To find the defendant guilty, the jury was required to find that Ann Cain "corruptly persuaded" Cooper, knowingly, and with an intent to delay, hinder or prevent Cooper from communicating information to law enforcement officers relating to the commission of possible federal offenses. Based upon Cooper's testimony, sufficient evidence exists to support the jury's verdict that the defendant violated § 1512(b)(3) when she instructed Cooper not to tell the authorities anything about crimes that he purportedly committed with her son, Cain. Jr.
Citing United States v. Farrell, 126 F.3d 484 (3d Cir. 1997), Ann Cain argues that she was simply reminding Cooper of his rights, and that her advice that he remain silent did not amount to "corrupt persuasion" within the meaning of the statute. In Farrell, a divided panel of the Third Circuit found that the term "corruptly persuades" does not include a non-coercive attempt to persuade a co-conspirator who could legitimately invoke his Fifth Amendment right not to disclose inculpatory information.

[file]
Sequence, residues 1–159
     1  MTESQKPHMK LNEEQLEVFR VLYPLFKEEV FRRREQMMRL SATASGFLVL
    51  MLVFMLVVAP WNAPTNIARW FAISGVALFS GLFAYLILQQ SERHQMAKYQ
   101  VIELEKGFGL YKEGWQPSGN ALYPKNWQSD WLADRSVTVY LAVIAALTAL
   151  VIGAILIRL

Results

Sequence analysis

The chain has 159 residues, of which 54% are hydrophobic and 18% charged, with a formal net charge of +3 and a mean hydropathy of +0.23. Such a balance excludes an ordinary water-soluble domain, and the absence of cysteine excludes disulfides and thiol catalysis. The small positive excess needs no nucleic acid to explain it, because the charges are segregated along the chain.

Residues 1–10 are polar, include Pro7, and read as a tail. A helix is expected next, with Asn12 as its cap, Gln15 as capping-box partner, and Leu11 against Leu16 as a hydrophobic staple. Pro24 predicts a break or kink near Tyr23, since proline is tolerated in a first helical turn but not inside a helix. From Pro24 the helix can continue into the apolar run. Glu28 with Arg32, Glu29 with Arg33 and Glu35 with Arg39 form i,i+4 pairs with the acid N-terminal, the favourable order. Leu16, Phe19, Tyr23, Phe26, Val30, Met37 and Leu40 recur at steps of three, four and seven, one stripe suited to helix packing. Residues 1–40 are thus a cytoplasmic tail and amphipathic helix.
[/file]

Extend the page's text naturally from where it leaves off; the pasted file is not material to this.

As the government correctly notes, Farrell is inconsistent with the Second Circuit's understanding of "corrupt persuasion" as explicated United States v. Thompson, 76 F.3d 442 (2d Cir. 1996). In Thompson, the Second Circuit explained that § 1512(b) does not criminalize all persuasion, just "corrupt" persuasion. "The inclusion of the qualifying term 'corrupt[ ]' means that the government must prove that the defendant's attempts to persuade were motivated by an improper purpose." Id. at 452. The Third Circuit's interpretation of "corrupt persuasion" differs from that of the Second Circuit, and this Court adheres to Second Circuit authority. See also United States v. Shotts, 145 F.3d 1289, 1300-01 (11th Cir.1998) (preferring the Second Circuit's position in Thompson over the Third Circuit's position in Farrell). Accordingly, under the law of this Circuit, the jury was entitled to find Ann Cain guilty under the evidence presented provided that they also found that her attempts to persuade Cooper were motivated by an improper purpose.